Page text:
What a find! There are many books on the development of individual musicals but few, if any, provide half the pleasure of this chronicle of Follies from the preparation for rehearsals through to the opening night party. It was written by a man who, as a youth infatuated with the world of musical comedy, had the opportunity to be a “fly on the wall” as a “go-fer” who went for coffee, drove cast and crew to appointments, took notes for the co-director, escorted a star thrice his age and typed the changed script pages including the lyrics fresh from the pen of Stephen Sondheim.
If you know and love Follies, you won’t need me to urge you to buy this book. Just telling you it exists should be enough.
If you love musical theater, but aren’t that familiar with Follies, I urge you to buy and devour this book. You will get more out of it if you take one step before you read it. Go to Wikipedia and read the introduction, the background section and the fairly comprehensive plot summary before opening the book.
Or, if you are within traveling distance of that big multi-hall building on the banks of the Potomac, The Kennedy Center, an evening sitting in its Eisenhower Theater sometime before June 19 should be even better. The latest important revival of Follies will be on that stage and the likes of Bernadette Peters, Jan Maxwell, Danny Burstein, Ron Raines, Elaine Page and a host of other notables will give you a proper introduction to the story the author tells.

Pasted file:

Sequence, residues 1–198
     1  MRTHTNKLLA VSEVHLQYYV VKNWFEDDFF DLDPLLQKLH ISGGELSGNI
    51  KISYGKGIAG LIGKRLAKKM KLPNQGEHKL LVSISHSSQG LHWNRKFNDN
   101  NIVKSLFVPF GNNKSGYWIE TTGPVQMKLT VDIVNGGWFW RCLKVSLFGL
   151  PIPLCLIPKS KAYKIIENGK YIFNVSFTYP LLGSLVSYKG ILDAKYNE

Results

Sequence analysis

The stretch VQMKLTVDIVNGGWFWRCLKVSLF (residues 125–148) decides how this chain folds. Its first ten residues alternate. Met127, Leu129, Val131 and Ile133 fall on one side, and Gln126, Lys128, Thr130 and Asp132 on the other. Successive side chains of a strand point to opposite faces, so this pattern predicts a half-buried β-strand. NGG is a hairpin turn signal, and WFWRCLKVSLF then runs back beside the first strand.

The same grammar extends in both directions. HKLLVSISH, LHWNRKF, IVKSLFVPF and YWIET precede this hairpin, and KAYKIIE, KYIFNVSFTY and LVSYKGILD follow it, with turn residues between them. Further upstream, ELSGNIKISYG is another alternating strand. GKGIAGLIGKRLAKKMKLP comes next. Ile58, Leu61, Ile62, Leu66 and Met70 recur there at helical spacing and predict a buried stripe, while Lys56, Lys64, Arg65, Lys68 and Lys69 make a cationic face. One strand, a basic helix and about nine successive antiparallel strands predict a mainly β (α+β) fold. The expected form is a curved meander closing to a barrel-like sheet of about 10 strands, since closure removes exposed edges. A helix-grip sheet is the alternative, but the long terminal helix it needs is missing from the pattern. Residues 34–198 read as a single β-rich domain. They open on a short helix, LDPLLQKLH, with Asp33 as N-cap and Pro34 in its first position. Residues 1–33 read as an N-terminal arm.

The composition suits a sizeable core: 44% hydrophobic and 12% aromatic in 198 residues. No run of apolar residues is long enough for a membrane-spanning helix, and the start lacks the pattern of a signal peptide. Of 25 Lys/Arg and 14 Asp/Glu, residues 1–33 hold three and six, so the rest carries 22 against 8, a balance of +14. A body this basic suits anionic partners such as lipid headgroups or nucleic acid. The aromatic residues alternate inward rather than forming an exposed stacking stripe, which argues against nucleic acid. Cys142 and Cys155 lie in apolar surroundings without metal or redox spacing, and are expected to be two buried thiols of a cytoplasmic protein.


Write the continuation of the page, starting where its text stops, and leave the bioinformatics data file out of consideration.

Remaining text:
That author is Ted Chapin, the president of the Rogers & Hammerstein organization which handles a major portion of the standard catalogue of musical theater: all the shows of Rodgers and Hammerstein, Rodgers and Hart and some of the shows of other composers like Irving Berlin and Andrew Lloyd Webber. He’s also the Chairman of the Board of the American Theatre Wing (the Tony Awards people) and of Great American Musicals in Concert series, Encores!.
Forty years ago, at the age of twenty, he was a junior at Connecticut College. He talked the powers-that-be at the college into letting him take a semester for a self-constructed work-study program in New York to watch and then write about the birth of a new musical. He then had to convince the powers-that-be at the musical to let him actually do it. Hal Prince was producing and co-directing Follies (with Michael Bennett) so Chapin wrote to Prince asking to be allowed to “observe the rehearsal period of Follies.” Prince wrote back telling him to contact his assistant who arranged for him to be an unpaid go-fer. Chapin managed to build on that opening to place himself in a position to observe practically every major event in the development of Follies from first reading through previews, the out of town tryout and on to opening night ending with the recording session for the original Broadway cast album that now graces so many theatre shelves.